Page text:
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Inflammation Can Cure or Kill You

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Inflammation Can Cure or Kill You

Inflammation Can Cure or Kill You
October 24
19:46 2018

Most people hear the word inflammation and instantly think of something bad. You get a cut or some kind of minor skin wound and the whole area around it gets red and painful and you know you have  inflammation. You carefully clean the wound, put some sort of antibiotic cream on it and bandage it up, hoping the inflammation goes away soon.

If the inflammation doesn’t go away soon, but increases, we fear it is infected and spreading and needs more serious treatment.

In today’s more health informed world, we also hear about different forms of inflammation that can be caused by a whole host of reasons. Sometimes we can develop a silent type of inflammation that isn’t characterized by the typic red or white raised and painful swelling, but one that lurks inside. It can be caused by our diets and eating too many unhealthy foods, such as a diet rich in red or processed meats or too many sugars or bad carbohydrates. This kind of inflammation can lead to things like heart disease and strokes and even some autoimmune disorders like lupus and rheumatoid arthritis.  

Other forms of inflammation have the reputation of spreading throughout the body and if not kept under control, it will kill you.

For the most part, we think of inflammation as being bad, harmful and possible dangerous, and although it can be all of those things, inflammation plays a very vital and helpful function.

To be honest, inflammation is a sign that our immune system is working, hopefully working right.

Whenever the body gets an injury, or infection, the body sends special cells, white blood cells and T-cells, that are designed to help heal the wound and fight the infection. Without this kind of inflammation, the body is unable to heal itself, meaning the slightest wound or infection could easily be fatal.

Web MD defines it this way:

“Inflammation is a process by which the body’s white blood cells and substances they produce protect us from infection with foreign organisms, such as bacteria and viruses.”

Very Well Health gives this definition:

“Inflammation is the body’s natural response to injury. A sequence of complicated, interrelated events work to defend the body, ultimately bringing plasma proteins and phagocytes (white blood cells that engulf and consume foreign material and debris) to the injured area for the purpose of initiating tissue repair.”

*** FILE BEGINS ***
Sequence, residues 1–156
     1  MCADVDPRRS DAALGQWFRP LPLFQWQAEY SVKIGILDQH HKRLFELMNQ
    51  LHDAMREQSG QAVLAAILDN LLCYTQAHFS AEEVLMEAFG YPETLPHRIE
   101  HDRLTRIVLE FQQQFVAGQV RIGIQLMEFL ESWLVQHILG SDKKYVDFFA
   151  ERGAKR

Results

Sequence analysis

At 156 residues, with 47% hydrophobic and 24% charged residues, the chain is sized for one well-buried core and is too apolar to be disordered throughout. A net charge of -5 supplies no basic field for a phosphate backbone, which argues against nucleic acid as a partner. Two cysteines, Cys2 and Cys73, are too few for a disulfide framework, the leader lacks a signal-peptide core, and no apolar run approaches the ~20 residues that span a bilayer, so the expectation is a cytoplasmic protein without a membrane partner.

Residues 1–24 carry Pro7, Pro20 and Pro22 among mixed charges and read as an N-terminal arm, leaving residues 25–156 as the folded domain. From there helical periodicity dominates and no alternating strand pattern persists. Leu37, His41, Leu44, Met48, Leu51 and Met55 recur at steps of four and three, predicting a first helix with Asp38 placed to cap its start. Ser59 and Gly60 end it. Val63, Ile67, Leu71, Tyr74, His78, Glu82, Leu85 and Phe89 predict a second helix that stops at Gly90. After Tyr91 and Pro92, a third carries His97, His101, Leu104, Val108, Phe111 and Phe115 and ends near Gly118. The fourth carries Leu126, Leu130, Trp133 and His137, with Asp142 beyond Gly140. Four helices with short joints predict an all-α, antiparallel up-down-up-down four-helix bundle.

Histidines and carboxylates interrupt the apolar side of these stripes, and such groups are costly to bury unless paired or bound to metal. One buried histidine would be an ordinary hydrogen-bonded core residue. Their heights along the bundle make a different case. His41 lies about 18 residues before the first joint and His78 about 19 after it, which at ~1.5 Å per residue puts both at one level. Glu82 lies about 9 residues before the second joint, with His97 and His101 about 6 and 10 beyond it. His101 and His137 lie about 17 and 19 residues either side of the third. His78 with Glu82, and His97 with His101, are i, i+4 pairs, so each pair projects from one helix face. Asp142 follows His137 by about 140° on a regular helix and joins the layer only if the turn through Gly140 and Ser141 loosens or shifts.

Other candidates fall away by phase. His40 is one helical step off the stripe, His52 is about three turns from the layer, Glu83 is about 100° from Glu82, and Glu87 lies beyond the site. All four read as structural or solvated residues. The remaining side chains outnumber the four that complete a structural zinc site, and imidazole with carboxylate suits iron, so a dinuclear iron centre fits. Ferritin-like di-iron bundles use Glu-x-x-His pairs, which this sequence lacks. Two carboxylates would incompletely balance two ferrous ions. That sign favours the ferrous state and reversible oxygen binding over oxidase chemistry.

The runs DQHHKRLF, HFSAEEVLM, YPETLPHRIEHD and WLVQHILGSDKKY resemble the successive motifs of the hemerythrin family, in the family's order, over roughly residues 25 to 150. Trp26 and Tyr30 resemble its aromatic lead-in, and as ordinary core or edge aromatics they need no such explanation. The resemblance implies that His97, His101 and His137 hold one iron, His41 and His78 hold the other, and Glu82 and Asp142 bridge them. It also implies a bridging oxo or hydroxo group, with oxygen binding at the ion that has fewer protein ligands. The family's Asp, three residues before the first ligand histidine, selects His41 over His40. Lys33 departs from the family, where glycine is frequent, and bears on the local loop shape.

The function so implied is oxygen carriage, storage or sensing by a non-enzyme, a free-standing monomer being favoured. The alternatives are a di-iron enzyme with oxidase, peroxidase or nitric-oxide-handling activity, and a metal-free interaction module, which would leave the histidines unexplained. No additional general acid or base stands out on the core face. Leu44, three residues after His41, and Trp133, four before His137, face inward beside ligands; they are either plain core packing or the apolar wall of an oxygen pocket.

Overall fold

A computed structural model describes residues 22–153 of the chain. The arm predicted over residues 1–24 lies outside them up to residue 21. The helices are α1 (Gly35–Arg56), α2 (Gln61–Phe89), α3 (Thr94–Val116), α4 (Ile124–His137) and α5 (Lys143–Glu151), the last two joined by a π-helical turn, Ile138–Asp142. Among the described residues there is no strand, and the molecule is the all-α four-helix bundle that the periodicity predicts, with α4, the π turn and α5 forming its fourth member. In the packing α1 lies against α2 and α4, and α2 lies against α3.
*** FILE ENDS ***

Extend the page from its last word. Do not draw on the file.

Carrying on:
“How It Happens” 

“The sequence of events that occur during an inflammatory response can vary, depending on the type or cause of injury (i.e., bacteria, trauma), the site of the injury, and the state of the body. In a localized infection, for example, the sequence of events can be summarized in 7 steps:

  1. Microbes (bacteria) enter the body.
  2. Small blood vessels become dilated to increase blood flow.
  3. There is an increase in vascular permeability to protein.
  4. Fluid moves into the tissue causing swelling.
  5. Neutrophils (a type of white blood cell) and later monocytes (another type of white blood cell) move from the blood vessels into the tissue.
  6. Microbes are engulfed and destroyed by white cells.
  7. Tissue repair is initiated.”

Yes, inflammation is important to our healing process, but as I said earlier, it can be harmful and deadly. If inflammation occurs in certain organs such as the kidneys, heart, lungs or brain, it can easily become deadly.

A doctor I once knew told me that inflammation is like voting. There’s good and bad, but mostly bad in both and sometimes it’s hard to tell which is which, but making the wrong decision can be quite disastrous.

We share this just to make you aware that sometimes inflammation is good and helpful, but also how dangerous it can be. If you get any inflammation, it’s important to keep watch on it.



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